Beachfront RV

Beachfront RV Park could see some upgrades if the Curry County Parks Department takes over operations from the Port of Brookings

A Beachfront RV park lease deal seems still on track after a workshop meeting with Curry County’s commissioners.

Following a brief presentation, after questions from the county commissioners were answered, the consensus reached was to support going forward. “We are open to what is comfortable to the Port (of Brookings) Commission,” said County Commissioner Christopher Paasch.

The Port of Brookings and the Curry County Parks Department have been exploring the idea of the county taking over operations of the Beachfront RV Park in what appears to be “a win-win proposition,” according to County Commissioner Sue Gold.

The win-win part comes from the county’s ability to bring in funds to quickly return the Brookings-based RV park to full operations and to increase the capacity of the park through other upgrades.

Because the main restroom facility is not operational, camping currently is limited only to those sites where RVs can hook up to the septic system. Tent camping and dry camping are unavailable.

The campground is attractive to county officials because of its location at Sporthaven Beach … the only, or at least one of the only, RV camping sites directly located on an ocean beach in Oregon, according to Curry County Parks Department Director Josh Hopkins.

“It was built in the late 1960s and since that time has been home to numerous tourist activities,” Hopkins said. “It is a very big asset to the Brookings area as a whole, and promoting all the different tourist activities that go along with the town and what the port does.”

The campground is configured with 163 campsites altogether, which is important to note because the county would receive $700 to $1,000 per site each year from RV license fees, Hopkins said.

The RV registration fees are available only to state and county parks for maintenance and upkeep of campsites. Updating all of the electric service poles to 50 amps would be one of those planned upgrades. With the current 30-amp sites, a modern RV can’t “run a coffeepot and microwave at the same time,” Hopkins said.

The reporting period for requesting RV license fees is every two years, with the next report due this coming spring. If the county has a 20-year lease agreement signed by then, it would be eligible for the funding with that report, Hopkins explained.

To rebuild the restroom, the county could borrow funds with a loan from the county road fund, instead of having to rely on grant funding or a loan from a bank or private party. The loan would be repaid with interest, Hopkins said. An additional five RV sites would be installed to help offset the cost of the restroom.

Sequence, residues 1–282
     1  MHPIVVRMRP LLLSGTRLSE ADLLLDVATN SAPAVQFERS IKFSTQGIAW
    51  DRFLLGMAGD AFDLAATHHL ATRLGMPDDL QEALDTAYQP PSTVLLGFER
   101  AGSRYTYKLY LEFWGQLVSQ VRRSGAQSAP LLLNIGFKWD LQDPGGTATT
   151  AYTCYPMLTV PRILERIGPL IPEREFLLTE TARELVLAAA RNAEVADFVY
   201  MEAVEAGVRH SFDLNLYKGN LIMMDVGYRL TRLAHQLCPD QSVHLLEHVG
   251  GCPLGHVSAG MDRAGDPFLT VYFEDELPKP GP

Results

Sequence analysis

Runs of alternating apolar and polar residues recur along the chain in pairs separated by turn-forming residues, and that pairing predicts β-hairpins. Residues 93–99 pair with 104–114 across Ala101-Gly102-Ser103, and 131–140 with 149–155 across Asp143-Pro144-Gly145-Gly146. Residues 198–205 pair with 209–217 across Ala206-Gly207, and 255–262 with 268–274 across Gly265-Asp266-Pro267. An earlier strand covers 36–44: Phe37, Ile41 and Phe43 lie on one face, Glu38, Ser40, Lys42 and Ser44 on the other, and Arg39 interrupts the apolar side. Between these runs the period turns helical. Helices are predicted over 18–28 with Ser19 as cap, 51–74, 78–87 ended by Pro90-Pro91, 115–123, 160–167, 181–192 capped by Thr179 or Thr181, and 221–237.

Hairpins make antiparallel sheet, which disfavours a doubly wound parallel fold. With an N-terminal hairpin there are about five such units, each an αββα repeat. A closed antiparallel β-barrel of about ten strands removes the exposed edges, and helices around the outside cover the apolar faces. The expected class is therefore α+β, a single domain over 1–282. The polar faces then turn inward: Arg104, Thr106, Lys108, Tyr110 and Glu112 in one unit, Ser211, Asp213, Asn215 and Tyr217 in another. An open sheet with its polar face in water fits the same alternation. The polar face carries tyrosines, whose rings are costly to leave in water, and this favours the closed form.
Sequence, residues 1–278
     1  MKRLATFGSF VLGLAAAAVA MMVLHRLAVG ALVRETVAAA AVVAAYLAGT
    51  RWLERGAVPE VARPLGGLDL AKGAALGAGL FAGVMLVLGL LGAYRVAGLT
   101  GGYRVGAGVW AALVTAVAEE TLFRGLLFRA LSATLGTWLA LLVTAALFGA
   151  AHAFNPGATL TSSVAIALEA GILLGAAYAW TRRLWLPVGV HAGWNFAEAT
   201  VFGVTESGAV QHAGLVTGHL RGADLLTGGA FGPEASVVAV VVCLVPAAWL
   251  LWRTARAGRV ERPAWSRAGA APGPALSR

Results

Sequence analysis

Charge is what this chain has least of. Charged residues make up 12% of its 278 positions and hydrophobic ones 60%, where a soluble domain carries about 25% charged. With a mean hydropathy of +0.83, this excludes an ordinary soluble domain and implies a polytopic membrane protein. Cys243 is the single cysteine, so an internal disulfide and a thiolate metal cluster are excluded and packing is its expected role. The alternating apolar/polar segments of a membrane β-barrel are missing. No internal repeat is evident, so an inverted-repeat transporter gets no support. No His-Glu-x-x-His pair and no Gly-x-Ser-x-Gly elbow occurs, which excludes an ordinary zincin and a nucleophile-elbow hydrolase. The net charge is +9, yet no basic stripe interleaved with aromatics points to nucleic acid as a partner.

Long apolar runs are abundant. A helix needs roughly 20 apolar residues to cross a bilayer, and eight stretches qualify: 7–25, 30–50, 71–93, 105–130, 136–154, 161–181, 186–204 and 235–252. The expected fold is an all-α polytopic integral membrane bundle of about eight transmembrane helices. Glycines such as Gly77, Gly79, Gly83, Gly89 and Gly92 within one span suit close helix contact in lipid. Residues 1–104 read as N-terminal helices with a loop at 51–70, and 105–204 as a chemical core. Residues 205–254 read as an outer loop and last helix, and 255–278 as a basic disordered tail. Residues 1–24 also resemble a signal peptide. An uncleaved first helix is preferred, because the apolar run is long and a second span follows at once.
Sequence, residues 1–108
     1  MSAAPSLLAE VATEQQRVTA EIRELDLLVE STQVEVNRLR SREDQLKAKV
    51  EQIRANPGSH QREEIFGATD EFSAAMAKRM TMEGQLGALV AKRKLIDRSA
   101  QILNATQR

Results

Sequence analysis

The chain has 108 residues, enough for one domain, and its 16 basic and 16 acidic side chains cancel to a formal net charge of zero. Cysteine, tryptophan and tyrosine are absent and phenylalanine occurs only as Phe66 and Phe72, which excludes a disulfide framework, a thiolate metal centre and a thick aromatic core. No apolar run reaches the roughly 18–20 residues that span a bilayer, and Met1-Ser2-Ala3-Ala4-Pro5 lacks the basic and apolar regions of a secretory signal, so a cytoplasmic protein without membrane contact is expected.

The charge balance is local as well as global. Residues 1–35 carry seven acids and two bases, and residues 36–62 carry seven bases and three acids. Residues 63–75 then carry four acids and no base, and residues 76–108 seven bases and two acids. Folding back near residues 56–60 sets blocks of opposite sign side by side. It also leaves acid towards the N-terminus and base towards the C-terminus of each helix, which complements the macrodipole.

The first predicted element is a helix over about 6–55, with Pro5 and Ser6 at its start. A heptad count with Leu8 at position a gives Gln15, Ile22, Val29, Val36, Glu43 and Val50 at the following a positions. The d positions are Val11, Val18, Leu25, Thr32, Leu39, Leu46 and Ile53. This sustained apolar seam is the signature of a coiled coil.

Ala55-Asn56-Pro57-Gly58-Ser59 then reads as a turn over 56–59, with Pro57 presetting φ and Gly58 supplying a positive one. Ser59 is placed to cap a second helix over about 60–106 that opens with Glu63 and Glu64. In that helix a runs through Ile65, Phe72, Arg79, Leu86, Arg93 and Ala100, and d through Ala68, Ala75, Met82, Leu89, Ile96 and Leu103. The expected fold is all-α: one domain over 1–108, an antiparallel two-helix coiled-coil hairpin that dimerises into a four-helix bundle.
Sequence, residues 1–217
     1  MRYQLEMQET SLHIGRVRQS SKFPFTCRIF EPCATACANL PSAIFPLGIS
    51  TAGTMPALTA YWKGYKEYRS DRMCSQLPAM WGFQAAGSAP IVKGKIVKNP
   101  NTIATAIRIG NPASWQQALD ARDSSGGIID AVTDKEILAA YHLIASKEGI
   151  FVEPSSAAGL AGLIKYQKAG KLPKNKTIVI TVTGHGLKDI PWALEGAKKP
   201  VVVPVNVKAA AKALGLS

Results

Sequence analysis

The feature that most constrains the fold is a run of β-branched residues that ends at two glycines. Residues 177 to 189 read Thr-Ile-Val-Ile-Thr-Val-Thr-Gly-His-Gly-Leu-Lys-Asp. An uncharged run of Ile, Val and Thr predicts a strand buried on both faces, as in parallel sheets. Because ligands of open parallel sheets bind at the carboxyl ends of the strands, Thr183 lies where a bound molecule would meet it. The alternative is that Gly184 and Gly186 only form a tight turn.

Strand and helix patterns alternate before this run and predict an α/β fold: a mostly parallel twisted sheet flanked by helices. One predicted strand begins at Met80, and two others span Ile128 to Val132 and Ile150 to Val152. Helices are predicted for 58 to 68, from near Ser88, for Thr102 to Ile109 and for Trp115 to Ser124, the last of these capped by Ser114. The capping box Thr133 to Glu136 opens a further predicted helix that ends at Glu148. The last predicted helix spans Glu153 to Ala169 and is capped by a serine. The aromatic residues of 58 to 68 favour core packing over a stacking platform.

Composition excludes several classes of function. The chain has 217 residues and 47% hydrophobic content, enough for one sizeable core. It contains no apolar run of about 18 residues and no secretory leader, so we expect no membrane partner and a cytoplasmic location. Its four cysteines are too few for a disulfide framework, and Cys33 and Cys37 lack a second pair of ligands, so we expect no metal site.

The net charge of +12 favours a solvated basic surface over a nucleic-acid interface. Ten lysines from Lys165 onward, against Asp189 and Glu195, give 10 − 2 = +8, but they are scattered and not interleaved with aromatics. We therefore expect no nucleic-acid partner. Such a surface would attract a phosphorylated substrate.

The port’s subcommittee had some feedback to add to the proposal. The port wants to have approval for capital improvements. Because the property is still the port’s, Hopkins said, he didn’t see a problem with them having a say over the projects. “They already have a lot of these projects mapped out and planned for in their master plan,” he said.

The port also wants a 20-year lease instead of 30 years. Because the port already has the infrastructure in place, unlike other RV parks under consideration, such as the one at Social Security Bar, Hopkins and the commissioners agreed they were comfortable with the shorter lease term.

The port also said that maintaining the fishing piers should become the responsibility of the county. When asked by the county commissioners, port manager Gary Dillinger said the only maintenance required that he was aware of was recoating the substructure and filling potholes in the parking lot.

The port also wants to set default limits, with a predetermined minimum amount of what it will receive financially each quarter, because the RV park pays off past port debts.

“In looking at the financials over the past six years, the main thing that affects the revenues is some kind of catastrophic weather or wild fire,” Hopkins said. “The Chetco Bar Fire didn’t hurt them as badly as you would imagine with that going on. The money is here for this.

“Even if we maintain it only to where we are keeping up with the historical average, that’s still a decent amount of money for everyone to walk home with and keep being able to pay their bills.

“That being said, with a more focused management that specializes in campgrounds and RV parks, and as we are making improvements and upgrades to the facilities, we would be able to increase revenues while decreasing expenses, because we are catching up with a lot of the stuff that has been historically not as much of a priority when you are trying to run a port as well as an RV park.

“It is important to note this isn’t a situation where the county is coming in and taking over a broken system. As it stands, the port’s management of the RV park is good enough to turn a profit. We’re not coming in and ‘white knighting’ this, but just coming in and bringing an extra level of expertise.”

In addition to identifying the operational expenses and the minimum amount the port would receive, port commissioner Ken Range raised the question of how they would manage the transition period regarding the change in management.

With just a few questions left to resolve, the county is nearly set to begin drafting the lease agreement.

“I’m enthused,” said County Commissioner Court Boice, “because one of the toughest jobs we have is bringing the different parties, cities and different communities together. I think the attitude is, ‘How can we help? How can we mutually benefit?’

“It’s just a good day, as we bring our rural county and 20,000 people together.”

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